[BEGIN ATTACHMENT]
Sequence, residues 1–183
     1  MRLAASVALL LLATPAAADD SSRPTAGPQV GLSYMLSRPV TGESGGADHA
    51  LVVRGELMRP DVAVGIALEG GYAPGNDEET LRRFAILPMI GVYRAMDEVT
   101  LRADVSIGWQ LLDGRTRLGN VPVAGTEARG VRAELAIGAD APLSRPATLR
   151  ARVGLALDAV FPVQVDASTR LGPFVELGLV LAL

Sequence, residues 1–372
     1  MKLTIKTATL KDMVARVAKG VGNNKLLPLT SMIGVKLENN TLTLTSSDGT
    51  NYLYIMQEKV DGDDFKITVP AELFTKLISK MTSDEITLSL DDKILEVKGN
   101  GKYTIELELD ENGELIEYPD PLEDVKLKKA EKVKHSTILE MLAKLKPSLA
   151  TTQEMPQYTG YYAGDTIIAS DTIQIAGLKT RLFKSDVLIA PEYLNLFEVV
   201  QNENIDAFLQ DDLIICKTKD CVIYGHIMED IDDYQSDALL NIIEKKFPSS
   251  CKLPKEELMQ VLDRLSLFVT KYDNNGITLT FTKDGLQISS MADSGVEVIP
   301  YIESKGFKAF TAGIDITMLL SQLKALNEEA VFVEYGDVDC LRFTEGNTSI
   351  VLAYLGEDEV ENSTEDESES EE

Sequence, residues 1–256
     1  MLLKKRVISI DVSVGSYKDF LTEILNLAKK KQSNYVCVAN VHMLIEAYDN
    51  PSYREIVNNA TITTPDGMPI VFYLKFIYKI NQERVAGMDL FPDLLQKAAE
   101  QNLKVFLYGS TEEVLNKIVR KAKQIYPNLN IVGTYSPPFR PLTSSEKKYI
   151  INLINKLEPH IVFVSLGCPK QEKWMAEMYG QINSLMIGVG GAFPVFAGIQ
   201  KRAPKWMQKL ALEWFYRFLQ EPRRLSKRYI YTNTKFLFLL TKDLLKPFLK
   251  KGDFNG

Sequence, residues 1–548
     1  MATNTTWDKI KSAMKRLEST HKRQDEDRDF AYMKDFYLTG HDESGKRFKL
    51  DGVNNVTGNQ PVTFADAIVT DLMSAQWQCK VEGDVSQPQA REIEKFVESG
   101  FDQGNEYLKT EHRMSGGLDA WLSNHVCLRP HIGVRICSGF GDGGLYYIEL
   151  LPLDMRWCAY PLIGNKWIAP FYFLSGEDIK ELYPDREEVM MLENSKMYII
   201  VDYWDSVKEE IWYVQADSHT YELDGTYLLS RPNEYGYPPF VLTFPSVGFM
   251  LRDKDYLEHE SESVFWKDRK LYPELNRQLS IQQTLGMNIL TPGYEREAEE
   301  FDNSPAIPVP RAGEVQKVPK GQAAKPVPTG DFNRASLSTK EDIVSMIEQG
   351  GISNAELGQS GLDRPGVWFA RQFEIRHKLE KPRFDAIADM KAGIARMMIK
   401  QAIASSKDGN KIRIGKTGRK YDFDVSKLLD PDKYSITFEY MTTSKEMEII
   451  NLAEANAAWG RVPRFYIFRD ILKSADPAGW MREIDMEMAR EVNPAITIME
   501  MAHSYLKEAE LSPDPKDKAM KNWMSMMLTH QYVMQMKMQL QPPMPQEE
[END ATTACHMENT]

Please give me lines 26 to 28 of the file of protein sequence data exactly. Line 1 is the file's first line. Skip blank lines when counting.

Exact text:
   151  LPLDMRWCAY PLIGNKWIAP FYFLSGEDIK ELYPDREEVM MLENSKMYII
   201  VDYWDSVKEE IWYVQADSHT YELDGTYLLS RPNEYGYPPF VLTFPSVGFM
   251  LRDKDYLEHE SESVFWKDRK LYPELNRQLS IQQTLGMNIL TPGYEREAEE